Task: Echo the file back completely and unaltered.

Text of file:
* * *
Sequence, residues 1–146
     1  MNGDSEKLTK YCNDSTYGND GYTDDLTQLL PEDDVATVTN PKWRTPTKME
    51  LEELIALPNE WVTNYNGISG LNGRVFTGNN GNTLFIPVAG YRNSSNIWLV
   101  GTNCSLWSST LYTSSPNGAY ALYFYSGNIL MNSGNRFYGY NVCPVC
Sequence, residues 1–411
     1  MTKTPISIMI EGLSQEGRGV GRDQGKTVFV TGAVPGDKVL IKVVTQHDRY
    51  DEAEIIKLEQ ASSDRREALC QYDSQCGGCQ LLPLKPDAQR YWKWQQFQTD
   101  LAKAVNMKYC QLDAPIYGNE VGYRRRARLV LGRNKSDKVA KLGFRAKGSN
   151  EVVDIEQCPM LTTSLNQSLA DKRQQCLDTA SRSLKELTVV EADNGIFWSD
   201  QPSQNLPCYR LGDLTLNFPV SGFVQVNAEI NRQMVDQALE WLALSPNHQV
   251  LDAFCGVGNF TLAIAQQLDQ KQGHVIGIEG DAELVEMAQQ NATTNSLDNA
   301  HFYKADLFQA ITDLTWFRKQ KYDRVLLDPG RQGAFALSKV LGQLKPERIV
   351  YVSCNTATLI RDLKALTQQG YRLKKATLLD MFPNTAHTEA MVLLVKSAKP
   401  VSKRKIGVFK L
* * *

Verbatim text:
Sequence, residues 1–146
     1  MNGDSEKLTK YCNDSTYGND GYTDDLTQLL PEDDVATVTN PKWRTPTKME
    51  LEELIALPNE WVTNYNGISG LNGRVFTGNN GNTLFIPVAG YRNSSNIWLV
   101  GTNCSLWSST LYTSSPNGAY ALYFYSGNIL MNSGNRFYGY NVCPVC
Sequence, residues 1–411
     1  MTKTPISIMI EGLSQEGRGV GRDQGKTVFV TGAVPGDKVL IKVVTQHDRY
    51  DEAEIIKLEQ ASSDRREALC QYDSQCGGCQ LLPLKPDAQR YWKWQQFQTD
   101  LAKAVNMKYC QLDAPIYGNE VGYRRRARLV LGRNKSDKVA KLGFRAKGSN
   151  EVVDIEQCPM LTTSLNQSLA DKRQQCLDTA SRSLKELTVV EADNGIFWSD
   201  QPSQNLPCYR LGDLTLNFPV SGFVQVNAEI NRQMVDQALE WLALSPNHQV
   251  LDAFCGVGNF TLAIAQQLDQ KQGHVIGIEG DAELVEMAQQ NATTNSLDNA
   301  HFYKADLFQA ITDLTWFRKQ KYDRVLLDPG RQGAFALSKV LGQLKPERIV
   351  YVSCNTATLI RDLKALTQQG YRLKKATLLD MFPNTAHTEA MVLLVKSAKP
   401  VSKRKIGVFK L